Libby Watson writing on splinternews.com coins a term which I like: birdheads. It’s a derivation of ‘petrolheads’ (car lovers) and it is very apt. It applies to ornithologists and people such as Jonathan Franzen, an American novelist and essayist, who prefers birds to cats. He thinks they are more important. And he believes that the bird community needs to focus on getting rid of feral cats which for him means killing them – as many as possible and as fast as possible – in the interest of the conservation of America’s native birds.
Libby Watson makes a good point. She says that cats are not a threat to mankind’s survival as mankind itself is but are simply a threat to birds. And when Jonathan Franzen argues that we are morally justified in killing feral cats en masse because of all the birds that they are killing he is simply saying that he likes birds more than he likes cats. It is nothing to do with conservation or nature. It is simply a preference for one species over another. And that is clearly wrong and it cannot be a reason why people should kill one species to preserve another.
There is however one caveat and it is a point that Libby Watson has omitted, regrettably. It is a point which constantly recurs and which sadly undermines the status of feral and domestic cats on two continents in the eyes of humans. In both North America and Australia the domestic and feral cat is what is described as a non-native species (introduced species). It did not evolve on those continents. The domestic cat’s ancestor is the North African wildcat of the Fertile Crescent in the Middle East.
If the domestic and feral cat was native to North America it would place in stark relief relief the speciesism of ornithologists, cat haters and some scientists and in this case a novelist and essayist, Franzen. Speciesism is the preference of one species over another for no particular reason other than one’s own personal preferences.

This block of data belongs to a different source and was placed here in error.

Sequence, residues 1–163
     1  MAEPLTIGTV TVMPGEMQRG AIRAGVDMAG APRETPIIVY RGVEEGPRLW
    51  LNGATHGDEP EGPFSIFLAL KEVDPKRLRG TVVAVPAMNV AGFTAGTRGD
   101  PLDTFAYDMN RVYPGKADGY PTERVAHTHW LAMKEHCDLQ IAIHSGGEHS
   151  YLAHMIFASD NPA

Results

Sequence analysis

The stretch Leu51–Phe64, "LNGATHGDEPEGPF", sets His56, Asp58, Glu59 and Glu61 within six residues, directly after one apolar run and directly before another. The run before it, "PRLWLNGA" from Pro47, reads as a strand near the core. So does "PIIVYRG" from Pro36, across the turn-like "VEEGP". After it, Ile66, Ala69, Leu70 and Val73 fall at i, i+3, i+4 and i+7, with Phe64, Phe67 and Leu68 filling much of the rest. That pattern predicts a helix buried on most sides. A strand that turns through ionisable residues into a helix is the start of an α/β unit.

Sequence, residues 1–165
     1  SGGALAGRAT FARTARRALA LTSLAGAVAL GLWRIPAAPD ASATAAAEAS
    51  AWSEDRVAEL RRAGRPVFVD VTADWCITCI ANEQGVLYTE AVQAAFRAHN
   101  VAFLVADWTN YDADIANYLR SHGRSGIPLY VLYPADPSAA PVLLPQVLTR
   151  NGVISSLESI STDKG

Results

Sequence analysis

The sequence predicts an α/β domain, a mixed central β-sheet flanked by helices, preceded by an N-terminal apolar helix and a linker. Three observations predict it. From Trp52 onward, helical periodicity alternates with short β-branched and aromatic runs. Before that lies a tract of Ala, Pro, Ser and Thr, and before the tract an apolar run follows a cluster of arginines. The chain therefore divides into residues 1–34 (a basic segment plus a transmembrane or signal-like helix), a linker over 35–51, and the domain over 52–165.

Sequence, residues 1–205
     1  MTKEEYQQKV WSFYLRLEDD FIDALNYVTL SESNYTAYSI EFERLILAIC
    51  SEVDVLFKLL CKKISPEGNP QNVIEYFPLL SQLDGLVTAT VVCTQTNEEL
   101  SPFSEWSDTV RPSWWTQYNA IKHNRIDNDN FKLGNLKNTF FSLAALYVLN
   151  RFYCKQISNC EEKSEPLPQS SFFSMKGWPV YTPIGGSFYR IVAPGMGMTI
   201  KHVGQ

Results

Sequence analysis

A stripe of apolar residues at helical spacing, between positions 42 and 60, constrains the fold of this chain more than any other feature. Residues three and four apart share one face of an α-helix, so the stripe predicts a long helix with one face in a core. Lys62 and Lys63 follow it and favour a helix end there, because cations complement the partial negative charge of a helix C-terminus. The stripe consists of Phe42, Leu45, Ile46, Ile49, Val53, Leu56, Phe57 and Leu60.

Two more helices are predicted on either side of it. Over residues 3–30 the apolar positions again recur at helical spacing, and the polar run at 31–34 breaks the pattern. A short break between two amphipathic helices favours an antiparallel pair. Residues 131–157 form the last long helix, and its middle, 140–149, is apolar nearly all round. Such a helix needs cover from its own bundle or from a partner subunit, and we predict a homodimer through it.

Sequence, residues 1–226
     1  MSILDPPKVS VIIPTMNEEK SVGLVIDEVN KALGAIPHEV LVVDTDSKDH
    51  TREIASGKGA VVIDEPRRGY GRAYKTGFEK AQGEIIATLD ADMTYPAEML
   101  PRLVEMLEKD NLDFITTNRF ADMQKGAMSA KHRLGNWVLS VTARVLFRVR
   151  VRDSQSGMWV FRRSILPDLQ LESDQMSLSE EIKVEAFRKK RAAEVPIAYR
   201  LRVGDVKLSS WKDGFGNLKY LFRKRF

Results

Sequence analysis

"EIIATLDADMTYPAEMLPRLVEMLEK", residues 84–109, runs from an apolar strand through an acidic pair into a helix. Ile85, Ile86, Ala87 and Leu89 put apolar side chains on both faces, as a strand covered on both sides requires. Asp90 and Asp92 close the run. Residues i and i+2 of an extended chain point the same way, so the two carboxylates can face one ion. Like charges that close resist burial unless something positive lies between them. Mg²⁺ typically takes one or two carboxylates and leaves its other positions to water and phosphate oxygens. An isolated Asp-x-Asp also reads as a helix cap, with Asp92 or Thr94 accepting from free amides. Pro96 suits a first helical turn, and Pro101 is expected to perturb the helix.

But as the domestic cat is non-native to America, when people argue against the domestic cat they will justify their speciesism by implying that domestic and feral cats are of a lower status than the native birds of North America. It is a point which regularly arises in discussions on how to deal with feral cats in Australia. People sometimes equate non-native species to pests to be eradicated.
It is remarkable that even though the domestic cat was imported into America it is thought with the settlers from Europe in the early 1600s, over 400 years ago, they are still technically non-native to the continent.
But should non-native species have a lower status that native species? Sometimes non-native species serve good purposes and they become entirely integrated into the ecosystem of a continent. Eradicating them can have unforeseen consequences. When that happens shouldn’t people in authority put aside speciesism when making decisions about the conservation of native species and place the feral cat on the same level of importance as native birds?
Finally, Canis lupus familiaris (the dog) is non-native to America. The dog does not prey upon the native birds of America but feral and domestic dogs cause a lot of damage to humans but I never see them being criticized because they are a non-native species (4.5 million dog bites occur in the United States every year, and 900,000 of those bites become infected – CDC). Speciesism again?
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